There is also a third option, which runs through the Californian part of the Mojave Desert. It takes about 5 hours and 30 minutes to get to Las Vegas via this route, and although it is not necessarily similar to Sedona, it is a decent stopover if the quickest route is too gentle for you.

Best route from Phoenix to Las Vegas

The best route from Phoenix to Las Vegas really depends on what you need. These two faster routes are just right if you’re really only interested in Vegas, but nothing beats the beauty of the Red Rock Scenic Byway and the woods and parks next door.

If you’re not worried about time, you can probably take the road to Sedona in either direction and on the way back there’s plenty to see – spices, consider a detour to Prescott, for example, or take a walk through the impressive list of local monuments compiled by Flagstaff.

Directions from Phoenix to Las Vegas

panoramic road (via Sedona and Flagstaff)

Take Highway I-17, past Phoenix Sonoran Nature Reserve and Pleasant Lake, then head to Prescott National Forest if you feel like it. You can also drive past Montezuma Castle and follow the Red Rock Scenic Drive (National Road 179), past the Red Rock National Park and the Chapel of the Holy Cross in Sedona.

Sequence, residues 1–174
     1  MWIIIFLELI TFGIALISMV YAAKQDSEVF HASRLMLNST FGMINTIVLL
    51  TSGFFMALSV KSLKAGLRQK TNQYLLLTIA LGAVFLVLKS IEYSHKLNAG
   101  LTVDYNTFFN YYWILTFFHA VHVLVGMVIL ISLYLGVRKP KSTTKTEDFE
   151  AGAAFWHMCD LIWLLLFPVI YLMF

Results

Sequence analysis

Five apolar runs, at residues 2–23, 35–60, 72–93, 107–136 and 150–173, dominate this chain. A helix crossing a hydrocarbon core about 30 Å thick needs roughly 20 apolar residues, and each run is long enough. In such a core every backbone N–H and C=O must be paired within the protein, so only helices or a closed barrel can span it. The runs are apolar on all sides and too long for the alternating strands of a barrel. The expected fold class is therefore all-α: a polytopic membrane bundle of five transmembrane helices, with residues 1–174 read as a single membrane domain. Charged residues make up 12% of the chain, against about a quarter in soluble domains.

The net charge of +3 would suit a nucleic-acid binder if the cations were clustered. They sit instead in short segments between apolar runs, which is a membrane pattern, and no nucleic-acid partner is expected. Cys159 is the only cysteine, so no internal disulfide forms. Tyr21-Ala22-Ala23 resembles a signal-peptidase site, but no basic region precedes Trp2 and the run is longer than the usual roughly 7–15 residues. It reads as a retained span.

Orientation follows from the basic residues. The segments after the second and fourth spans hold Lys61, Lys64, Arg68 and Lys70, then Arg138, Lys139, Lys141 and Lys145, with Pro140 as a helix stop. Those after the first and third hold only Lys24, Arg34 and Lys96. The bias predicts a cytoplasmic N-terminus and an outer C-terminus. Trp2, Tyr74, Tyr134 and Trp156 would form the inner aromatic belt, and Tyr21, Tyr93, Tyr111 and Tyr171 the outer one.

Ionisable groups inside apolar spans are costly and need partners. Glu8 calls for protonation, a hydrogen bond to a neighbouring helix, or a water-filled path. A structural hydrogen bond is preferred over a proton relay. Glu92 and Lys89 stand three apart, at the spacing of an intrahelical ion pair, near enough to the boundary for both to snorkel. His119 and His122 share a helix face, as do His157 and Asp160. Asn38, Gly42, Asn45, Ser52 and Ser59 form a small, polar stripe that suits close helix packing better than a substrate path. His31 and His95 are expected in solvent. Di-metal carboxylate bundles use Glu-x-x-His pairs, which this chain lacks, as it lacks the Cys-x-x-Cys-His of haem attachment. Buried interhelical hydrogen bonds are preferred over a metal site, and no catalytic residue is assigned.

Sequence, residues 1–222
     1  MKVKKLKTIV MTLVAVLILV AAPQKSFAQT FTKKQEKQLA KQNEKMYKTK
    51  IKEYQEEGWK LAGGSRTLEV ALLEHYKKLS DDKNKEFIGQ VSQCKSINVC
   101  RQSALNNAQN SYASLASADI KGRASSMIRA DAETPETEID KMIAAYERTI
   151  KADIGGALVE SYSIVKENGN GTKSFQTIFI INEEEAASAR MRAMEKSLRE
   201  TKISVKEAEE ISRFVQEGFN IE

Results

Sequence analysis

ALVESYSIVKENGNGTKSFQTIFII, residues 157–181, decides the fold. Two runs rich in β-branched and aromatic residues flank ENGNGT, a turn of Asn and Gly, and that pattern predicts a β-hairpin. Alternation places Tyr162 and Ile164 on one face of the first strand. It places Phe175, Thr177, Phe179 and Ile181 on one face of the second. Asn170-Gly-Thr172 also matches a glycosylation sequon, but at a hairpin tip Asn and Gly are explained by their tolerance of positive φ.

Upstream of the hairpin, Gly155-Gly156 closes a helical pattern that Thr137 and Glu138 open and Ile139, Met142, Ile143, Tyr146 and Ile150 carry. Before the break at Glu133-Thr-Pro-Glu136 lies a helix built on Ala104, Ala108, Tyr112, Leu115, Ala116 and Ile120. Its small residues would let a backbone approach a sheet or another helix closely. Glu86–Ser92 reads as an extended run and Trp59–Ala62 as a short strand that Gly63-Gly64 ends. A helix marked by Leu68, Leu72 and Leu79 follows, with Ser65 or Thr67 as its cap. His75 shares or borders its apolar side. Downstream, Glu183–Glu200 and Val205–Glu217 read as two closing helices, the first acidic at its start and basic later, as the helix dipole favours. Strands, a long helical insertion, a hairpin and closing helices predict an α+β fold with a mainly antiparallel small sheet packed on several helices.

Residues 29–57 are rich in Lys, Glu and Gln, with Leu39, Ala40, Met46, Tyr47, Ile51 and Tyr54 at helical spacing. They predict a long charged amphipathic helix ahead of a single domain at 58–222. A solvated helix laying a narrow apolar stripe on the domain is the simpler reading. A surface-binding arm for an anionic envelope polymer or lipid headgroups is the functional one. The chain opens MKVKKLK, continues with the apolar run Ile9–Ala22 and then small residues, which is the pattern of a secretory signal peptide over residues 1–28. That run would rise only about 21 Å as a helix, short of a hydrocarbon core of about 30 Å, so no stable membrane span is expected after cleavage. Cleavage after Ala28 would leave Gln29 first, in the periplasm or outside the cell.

Continue on Highway 89A through Slide Rock National Park and you will soon arrive in Flagstaff. See Peanut Canyon and Crater Sunset, then take the I-40 west (on Historic Highway 66) through Bearison and Williams.

You can also take National Highway 64 North and visit the Grand Canyon if you have time.

Stay on Interstate Road to Kingman (and maybe take the short Route 66), then follow Route 93 to Nevada, via Hoover Dam and Lake Mead. From there, take Interstates numbers 11 and 515 to Las Vegas.

Fast track

Take Highway 60 from Phoenix, then Highway 93 past Wickenburg. From there, just stay on Kingman Road – just follow the same route as the scenic route to Vegas.

On this road you will certainly appreciate the absolutely straight road that crosses the desert of Arizona, as will those who were responsible for its construction.

Places along the road have imaginary names, like Baghdad and Santa Claus, but my favorite place should be a place called Nothing, Arizona. Population 4 (crossed out), 3.

California Hwy